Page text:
In the typical hipster community, when a band breaks through because of a cover song, it’s death by criticism. What about when the cover song was used several times on The OC? Well, in that case, the death penalty is usually made even more severe. But before you disregard Youth Group and ignore them because of the cause of their rising popularity, try listening to a few songs off of their third album, Casino Twilight Dogs. Despite the generic (though admittedly enjoyable) cover of Alphaville’s ‘Forever Young’, the Australian foursome offer ten other entirely original tracks that offer plenty of hooks and simple enjoyment for both brainless superficial OC fanatics and music elitists alike. Unlike many other bands with their heads up in the clouds, Youth Group aren’t afraid to admit that their broadening international success so far is mainly based on ‘Forever Young’, though their second album, Skeleton Jar, did contain a handful of great songs that were greeted with warm reviews. Vocalist/guitarist Toby Allen and drummer Danny Allen have been with the band since their humble beginnings in 1998, eventually increasing their songwriting skills to produce what you hear today. After adding guitarist Cameron Emerson-Elliott and bassist Patrick Matthews (formerly of The Vines), Skeleton Jar was released in 2004 and Casino Twilight Dogs will be released on January 30th on Epitaph. If you don’t wish to wait, you can pick up an import of the album, which was released this past July.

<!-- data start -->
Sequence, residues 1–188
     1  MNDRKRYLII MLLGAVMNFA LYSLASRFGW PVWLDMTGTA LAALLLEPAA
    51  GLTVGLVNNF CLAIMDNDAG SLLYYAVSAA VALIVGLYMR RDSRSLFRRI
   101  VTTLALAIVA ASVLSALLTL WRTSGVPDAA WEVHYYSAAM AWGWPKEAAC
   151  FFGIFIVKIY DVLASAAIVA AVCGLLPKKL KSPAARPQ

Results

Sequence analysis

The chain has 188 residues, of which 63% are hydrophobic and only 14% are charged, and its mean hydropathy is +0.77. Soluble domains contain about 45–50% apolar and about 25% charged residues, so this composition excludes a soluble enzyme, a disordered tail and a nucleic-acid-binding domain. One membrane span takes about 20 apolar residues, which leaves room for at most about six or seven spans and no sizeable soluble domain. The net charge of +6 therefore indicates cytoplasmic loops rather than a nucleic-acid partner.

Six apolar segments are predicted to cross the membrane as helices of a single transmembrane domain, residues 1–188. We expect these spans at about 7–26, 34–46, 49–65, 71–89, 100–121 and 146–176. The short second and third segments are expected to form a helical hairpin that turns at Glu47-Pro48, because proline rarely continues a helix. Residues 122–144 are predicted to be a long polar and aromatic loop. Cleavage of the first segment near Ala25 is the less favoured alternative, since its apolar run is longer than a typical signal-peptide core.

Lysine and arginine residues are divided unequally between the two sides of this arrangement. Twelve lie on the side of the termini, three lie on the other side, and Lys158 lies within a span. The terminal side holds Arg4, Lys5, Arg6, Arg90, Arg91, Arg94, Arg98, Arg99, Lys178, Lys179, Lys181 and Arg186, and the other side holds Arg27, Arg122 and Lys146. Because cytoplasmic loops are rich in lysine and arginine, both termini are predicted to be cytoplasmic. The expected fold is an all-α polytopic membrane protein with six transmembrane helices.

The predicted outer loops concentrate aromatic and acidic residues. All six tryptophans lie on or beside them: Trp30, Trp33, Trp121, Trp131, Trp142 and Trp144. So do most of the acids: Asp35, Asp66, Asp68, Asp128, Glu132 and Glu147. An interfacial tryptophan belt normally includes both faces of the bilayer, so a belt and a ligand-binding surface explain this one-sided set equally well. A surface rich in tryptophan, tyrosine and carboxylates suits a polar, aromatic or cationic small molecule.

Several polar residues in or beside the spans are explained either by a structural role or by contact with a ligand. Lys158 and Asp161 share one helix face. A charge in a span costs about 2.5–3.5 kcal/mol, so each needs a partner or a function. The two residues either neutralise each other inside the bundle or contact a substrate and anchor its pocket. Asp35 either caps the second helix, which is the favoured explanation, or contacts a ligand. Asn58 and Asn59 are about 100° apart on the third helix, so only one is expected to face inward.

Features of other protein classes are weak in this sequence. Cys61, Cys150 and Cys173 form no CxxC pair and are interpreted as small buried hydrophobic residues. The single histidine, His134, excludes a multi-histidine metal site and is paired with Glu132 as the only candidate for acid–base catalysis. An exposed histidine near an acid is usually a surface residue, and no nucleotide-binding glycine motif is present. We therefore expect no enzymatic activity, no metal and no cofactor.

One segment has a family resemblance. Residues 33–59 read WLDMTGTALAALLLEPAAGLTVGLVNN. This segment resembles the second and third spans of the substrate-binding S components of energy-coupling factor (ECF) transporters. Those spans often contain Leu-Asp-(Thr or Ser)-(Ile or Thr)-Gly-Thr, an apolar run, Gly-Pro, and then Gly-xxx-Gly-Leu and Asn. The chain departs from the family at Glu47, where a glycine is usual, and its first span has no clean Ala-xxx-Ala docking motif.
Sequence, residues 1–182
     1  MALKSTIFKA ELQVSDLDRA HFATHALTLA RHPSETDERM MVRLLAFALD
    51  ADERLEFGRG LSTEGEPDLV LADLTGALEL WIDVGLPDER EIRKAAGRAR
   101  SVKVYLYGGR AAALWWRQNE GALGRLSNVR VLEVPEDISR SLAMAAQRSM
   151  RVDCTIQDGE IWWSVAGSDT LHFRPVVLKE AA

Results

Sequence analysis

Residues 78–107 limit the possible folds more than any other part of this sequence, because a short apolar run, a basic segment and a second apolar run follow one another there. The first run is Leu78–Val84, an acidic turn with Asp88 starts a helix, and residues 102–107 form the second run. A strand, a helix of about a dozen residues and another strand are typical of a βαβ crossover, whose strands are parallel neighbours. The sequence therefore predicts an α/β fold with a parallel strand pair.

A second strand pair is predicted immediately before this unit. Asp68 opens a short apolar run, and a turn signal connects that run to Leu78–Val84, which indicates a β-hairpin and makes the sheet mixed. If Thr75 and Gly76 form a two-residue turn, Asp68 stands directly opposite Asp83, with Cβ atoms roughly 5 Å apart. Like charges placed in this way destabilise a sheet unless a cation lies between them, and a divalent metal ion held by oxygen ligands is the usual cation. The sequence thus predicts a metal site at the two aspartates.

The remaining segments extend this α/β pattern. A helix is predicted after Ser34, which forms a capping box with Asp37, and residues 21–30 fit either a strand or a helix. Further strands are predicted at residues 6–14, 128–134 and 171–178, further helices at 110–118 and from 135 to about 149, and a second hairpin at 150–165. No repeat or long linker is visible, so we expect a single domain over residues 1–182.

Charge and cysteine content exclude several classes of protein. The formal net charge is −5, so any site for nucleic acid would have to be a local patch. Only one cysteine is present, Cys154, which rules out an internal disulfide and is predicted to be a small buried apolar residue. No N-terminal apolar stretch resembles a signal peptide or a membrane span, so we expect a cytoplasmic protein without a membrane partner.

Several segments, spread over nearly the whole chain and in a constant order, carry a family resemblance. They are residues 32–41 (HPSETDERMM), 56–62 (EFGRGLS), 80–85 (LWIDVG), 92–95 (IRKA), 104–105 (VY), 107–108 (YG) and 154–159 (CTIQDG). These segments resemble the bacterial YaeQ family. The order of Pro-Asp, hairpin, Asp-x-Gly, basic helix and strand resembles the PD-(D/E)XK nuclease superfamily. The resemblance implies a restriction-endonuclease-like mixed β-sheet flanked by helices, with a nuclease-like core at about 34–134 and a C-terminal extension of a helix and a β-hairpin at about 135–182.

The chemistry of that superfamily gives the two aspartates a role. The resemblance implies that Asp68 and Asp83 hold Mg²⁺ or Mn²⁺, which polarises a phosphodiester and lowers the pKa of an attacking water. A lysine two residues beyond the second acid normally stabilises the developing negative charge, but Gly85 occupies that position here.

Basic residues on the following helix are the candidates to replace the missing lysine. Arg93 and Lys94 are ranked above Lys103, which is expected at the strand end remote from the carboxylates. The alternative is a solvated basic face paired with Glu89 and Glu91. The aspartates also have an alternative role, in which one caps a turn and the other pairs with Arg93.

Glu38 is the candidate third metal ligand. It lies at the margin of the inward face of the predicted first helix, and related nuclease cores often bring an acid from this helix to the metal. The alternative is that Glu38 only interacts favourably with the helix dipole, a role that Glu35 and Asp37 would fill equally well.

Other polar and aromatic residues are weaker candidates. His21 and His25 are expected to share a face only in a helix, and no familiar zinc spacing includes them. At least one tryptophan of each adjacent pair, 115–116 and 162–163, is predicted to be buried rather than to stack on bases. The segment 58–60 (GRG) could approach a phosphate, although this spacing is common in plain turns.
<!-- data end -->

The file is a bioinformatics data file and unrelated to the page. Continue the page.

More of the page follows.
Their new single, ‘Catch and Kill’ is a catchy choice, with Allen’s vocals managing to pull off an impressive shift, from the mumbling Fall-like verse to a sugar-coated chorus that sounds similar to the lighter days of Dave Grohl and the Foo Fighters. My favorite track off of Casino Twilight Dogs is ‘Dead Zoo’, a title that came from Allen’s three-year-old cousin who named stuffed animals in a museum a “dead zoo”. The enjoyable wordplay must run in the family. The song boasts a shimmering effect, supposively enhanced with twelve-string over-dubs. The lyrics on the album aren’t particulary deep or entirely original, but the great melodies take care of that on its own. ‘Sorry’ contains an enjoyable chorus that one would think only Morrissey could pull off, but Allen does it with ease. All in all, Casino Twilight Dogs an enjoyable third album from the rising Australian band. Forget the cover, check out the originals. They’re worth it.